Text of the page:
The legislation specifically cites Iran, a persistent and fully committed enemy of ISIS, together with Iraq and Syria, identifying them as countries where either travel or former residency triggers automatic suspension of visa waiver rights. H.R. 158 requires the Department of Homeland Security to designate additional countries where there is increased likelihood that a visitor might become engaged in a credible threat to the U.S., where there is a significant foreign terrorist organization presence, or where there is a safe haven for terrorists. "Dual nationals" of such countries shall be denied visa waivers even if they are traveling on a passport from a visa waiver country. In addition, other travelers from a visa waiver country who have visited any one of the target countries in the past five years shall also be denied entry under the waiver program. Both "nationals" and those who have visited the target countries will be required to apply for normal travel visas, a process that will include mandatory "sharing of information" with the country that issued the prospective traveler's passport.
In practice this means that any European passport holder who either visits or is by birth from Iraq, Syria, or Iran will be denied an automatic visa to the United States. Ironically, Iran arguably has never carried out a terrorist bombing or suicide attack against the United States while countries whose citizens have done so, including Libya and Pakistan, are not on the list. Saudi Arabia, exporter and supporter of Sunni Muslim terrorism globally, and also the source of nearly all the 9/11 terrorists, is also exempted. This means that someone could visit Pakistan or Libya for weapons training and not be flagged, but if he or she visits Iran for any reason, they could be denied the right to travel to the United States.
The U.S. bill is in violation of World Trade Organization rules against "politicizing trade" and abridging the ability of businessmen to travel freely. In this case, visiting Iran would be punished by denying onward travel to the U.S., so many foreign visitors will avoid Tehran. The law would also be contrary to the Joint Comprehensive Plan of Action (JCPOA) that recently resolved the issue of the Iranian nuclear program. The agreement guaranteed that the ability to conduct normal business and trade with Iran would not be impeded.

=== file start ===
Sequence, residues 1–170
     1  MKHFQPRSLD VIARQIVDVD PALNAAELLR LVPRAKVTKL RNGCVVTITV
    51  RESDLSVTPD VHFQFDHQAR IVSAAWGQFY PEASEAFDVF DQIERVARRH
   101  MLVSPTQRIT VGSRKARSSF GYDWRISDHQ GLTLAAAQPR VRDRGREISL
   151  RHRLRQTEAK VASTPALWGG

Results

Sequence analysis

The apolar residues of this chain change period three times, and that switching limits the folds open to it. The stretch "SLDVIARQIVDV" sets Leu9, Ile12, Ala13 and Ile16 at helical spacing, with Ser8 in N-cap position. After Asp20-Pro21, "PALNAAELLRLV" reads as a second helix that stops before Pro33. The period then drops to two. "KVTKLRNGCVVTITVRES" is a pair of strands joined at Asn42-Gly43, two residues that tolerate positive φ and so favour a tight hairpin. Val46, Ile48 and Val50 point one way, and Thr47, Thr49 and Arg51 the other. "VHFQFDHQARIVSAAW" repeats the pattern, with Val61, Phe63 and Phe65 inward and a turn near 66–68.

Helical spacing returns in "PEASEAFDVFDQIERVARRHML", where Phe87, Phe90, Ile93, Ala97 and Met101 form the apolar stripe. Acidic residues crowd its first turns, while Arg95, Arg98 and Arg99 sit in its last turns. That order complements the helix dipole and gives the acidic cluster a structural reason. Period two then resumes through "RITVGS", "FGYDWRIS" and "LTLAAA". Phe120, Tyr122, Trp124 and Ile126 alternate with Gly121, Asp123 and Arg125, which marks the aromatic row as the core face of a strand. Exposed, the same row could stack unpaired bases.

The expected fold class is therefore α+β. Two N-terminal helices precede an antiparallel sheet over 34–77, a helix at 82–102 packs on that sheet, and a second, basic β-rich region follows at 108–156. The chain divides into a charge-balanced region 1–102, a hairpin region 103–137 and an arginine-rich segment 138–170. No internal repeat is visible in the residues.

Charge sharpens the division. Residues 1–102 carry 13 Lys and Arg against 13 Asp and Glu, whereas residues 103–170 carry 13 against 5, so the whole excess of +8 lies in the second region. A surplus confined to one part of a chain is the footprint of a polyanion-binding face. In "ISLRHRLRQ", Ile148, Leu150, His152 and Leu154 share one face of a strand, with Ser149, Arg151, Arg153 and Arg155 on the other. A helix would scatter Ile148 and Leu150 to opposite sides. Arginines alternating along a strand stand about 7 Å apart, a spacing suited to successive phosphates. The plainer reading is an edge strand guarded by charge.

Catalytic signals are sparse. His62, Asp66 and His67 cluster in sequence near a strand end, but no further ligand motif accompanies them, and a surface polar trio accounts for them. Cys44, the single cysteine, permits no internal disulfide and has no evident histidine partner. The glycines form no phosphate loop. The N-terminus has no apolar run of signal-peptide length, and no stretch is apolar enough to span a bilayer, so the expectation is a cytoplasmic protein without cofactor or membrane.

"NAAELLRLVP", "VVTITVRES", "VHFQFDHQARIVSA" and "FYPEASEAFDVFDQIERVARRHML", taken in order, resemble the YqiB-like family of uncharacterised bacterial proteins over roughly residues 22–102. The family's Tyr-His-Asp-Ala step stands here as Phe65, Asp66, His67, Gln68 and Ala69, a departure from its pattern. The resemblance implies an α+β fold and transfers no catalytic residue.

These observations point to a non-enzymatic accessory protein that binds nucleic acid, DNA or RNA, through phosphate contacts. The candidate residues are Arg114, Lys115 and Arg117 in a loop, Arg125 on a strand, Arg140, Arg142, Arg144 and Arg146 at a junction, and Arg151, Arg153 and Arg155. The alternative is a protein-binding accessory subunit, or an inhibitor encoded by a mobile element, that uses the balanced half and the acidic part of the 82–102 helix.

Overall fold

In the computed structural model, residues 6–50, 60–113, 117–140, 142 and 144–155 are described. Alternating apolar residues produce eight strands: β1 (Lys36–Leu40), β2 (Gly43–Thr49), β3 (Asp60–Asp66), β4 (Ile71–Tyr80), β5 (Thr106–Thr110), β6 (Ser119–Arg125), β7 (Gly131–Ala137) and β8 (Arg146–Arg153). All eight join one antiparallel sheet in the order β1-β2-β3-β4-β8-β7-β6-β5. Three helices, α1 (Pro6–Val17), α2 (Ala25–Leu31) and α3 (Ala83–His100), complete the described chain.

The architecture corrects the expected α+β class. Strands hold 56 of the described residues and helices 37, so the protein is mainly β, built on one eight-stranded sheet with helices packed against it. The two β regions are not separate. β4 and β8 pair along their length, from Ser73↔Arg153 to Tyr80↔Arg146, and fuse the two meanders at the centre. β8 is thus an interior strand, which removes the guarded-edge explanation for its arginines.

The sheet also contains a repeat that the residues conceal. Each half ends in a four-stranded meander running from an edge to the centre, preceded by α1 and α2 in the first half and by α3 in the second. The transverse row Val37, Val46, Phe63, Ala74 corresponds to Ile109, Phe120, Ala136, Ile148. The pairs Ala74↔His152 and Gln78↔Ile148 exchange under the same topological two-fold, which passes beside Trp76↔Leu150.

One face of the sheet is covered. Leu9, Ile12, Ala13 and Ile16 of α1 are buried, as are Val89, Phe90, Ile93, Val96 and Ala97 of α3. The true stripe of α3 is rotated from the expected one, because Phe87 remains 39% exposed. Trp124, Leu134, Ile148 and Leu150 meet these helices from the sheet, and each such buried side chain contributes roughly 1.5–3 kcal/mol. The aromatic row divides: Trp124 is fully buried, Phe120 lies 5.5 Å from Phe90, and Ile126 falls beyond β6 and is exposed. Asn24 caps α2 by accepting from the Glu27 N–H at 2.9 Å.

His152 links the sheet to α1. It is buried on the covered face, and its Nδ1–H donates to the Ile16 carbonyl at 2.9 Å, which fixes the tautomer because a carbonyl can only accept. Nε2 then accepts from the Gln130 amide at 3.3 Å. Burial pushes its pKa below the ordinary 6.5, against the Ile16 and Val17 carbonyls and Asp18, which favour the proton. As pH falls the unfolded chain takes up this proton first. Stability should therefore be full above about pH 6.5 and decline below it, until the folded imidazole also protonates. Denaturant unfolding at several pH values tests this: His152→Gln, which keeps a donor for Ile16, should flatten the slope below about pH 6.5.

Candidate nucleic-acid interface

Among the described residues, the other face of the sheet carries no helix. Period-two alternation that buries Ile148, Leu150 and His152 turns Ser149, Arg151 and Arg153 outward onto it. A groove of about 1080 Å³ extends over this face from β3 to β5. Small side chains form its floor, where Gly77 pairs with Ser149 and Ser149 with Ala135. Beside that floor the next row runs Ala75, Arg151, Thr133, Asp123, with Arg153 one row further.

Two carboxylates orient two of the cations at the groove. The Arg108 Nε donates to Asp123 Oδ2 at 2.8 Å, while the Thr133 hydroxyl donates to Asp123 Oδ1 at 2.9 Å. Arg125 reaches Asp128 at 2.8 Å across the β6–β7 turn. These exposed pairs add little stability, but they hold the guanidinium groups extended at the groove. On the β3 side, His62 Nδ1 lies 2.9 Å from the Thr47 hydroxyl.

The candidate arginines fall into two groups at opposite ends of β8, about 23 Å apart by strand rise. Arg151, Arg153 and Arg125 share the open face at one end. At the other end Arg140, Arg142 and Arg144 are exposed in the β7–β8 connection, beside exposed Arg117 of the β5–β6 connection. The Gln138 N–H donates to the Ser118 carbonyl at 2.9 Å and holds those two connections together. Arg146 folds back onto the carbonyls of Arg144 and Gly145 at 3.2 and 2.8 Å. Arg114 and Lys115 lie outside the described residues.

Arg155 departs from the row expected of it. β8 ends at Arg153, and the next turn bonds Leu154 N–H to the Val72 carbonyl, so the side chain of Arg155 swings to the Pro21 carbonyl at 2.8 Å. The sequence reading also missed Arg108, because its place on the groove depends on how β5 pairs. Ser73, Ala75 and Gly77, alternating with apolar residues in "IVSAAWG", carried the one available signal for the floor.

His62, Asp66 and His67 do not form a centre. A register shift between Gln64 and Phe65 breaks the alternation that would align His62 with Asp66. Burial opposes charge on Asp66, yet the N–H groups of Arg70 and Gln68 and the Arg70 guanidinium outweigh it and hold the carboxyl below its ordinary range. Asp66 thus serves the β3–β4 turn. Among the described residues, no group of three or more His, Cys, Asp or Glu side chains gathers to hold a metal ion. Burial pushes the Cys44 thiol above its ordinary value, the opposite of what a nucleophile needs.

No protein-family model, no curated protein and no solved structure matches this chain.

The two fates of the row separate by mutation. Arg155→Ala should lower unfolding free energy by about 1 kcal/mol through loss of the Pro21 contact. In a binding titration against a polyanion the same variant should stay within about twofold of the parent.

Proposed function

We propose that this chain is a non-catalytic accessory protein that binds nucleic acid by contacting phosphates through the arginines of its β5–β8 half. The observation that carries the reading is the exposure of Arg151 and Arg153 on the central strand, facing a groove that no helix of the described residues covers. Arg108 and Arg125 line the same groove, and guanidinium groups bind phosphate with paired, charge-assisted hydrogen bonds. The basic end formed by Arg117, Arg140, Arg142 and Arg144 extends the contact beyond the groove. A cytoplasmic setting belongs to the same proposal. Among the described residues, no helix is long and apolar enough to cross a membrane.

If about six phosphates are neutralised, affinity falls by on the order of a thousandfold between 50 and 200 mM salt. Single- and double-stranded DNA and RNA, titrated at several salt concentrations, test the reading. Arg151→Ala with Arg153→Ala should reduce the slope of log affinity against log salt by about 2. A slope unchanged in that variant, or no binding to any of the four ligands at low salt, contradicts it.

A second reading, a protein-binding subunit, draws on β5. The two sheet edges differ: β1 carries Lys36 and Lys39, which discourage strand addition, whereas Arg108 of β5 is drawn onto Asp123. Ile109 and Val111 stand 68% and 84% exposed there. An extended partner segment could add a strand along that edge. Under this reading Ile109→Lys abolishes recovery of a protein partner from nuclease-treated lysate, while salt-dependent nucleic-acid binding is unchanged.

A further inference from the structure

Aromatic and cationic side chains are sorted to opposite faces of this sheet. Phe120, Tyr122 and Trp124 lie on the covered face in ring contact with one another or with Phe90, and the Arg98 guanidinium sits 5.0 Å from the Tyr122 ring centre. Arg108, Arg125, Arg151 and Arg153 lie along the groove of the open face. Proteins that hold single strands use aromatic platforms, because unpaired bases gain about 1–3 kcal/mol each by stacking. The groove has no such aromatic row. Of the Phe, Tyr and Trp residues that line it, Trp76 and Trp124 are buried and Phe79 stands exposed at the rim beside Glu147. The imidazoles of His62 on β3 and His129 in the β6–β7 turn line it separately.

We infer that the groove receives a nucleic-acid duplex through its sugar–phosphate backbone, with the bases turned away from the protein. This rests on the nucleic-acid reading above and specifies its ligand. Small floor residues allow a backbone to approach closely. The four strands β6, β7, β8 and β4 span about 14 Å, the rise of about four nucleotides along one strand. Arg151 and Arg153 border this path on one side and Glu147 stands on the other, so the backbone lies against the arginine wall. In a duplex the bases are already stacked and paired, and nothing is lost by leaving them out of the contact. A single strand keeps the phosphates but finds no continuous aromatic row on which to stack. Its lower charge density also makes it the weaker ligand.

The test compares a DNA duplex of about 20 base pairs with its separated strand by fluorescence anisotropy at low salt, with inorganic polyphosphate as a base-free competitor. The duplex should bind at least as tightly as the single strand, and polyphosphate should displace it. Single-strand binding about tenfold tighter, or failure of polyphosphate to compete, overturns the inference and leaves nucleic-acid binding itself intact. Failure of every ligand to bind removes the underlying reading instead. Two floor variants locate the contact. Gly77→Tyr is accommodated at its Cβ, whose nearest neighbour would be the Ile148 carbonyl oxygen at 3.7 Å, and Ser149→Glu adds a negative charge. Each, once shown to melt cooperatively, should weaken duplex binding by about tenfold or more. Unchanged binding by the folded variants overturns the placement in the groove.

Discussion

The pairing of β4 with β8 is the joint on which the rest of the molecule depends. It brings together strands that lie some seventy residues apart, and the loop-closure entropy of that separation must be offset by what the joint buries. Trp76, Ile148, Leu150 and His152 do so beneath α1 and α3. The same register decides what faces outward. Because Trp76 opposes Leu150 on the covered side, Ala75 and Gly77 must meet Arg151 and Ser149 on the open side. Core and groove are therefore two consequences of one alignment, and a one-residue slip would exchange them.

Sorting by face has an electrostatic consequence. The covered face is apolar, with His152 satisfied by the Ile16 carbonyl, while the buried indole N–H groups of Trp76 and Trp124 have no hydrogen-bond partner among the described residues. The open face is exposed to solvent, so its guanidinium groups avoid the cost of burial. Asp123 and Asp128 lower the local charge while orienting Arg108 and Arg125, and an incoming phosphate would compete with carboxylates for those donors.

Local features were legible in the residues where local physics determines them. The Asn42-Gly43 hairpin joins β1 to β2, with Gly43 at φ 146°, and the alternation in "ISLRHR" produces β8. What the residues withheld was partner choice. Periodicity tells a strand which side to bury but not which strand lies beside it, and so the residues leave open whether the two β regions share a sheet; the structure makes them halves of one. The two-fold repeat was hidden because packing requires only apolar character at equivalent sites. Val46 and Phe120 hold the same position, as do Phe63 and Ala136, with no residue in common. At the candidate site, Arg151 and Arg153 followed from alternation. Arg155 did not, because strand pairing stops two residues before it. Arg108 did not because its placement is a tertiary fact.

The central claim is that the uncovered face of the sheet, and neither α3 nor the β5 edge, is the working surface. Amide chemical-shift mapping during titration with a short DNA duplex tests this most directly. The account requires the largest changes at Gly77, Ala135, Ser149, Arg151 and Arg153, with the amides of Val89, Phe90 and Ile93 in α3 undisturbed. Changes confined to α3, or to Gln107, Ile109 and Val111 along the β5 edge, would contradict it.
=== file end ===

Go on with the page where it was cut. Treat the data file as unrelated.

The inclusion of Iran in the bill does not, of course, have anything to do with the war against ISIS. The American neoconservatives and their congressional allies continue to believe that Iran constitutes the most serious threat against Israel, so it has to be pressured incessantly no matter how it behaves.
Other initiatives are in the works. Recent moves in the International Atomic Energy Agency (IAEA) seeking to review Iran's alleged steps taken to develop a nuclear weapon prior to 2003 have regurgitated the same lies that were surfaced back in 2011, claims regarding Iranian behavior and intentions that were based on empty insinuations and forged documents.
Complaints investigated by the IAEA are generally confidential and sometimes even anonymous but it is known that Israel and the United States were behind the latest moves. The IAEA, which is largely funded by Washington, can be relied on to keep the pressure on Iran.
This week's incident in which Iran briefly detained 10 U.S. Navy personnel who had unintentionally entered into Iranian territorial waters is being magnified in the media, with some questioning whether it was an "act of war." It was not, by any reasonable standard, and would be quickly forgotten if it had involved anyone but Iran. It will surely be exploited for emotional value over the next few days.